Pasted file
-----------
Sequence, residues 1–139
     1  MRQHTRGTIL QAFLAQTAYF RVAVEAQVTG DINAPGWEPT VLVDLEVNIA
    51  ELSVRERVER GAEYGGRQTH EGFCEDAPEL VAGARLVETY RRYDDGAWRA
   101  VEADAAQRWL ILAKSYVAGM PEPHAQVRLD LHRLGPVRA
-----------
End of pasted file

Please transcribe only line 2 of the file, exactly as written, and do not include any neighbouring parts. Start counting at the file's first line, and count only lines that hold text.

     1  MRQHTRGTIL QAFLAQTAYF RVAVEAQVTG DINAPGWEPT VLVDLEVNIA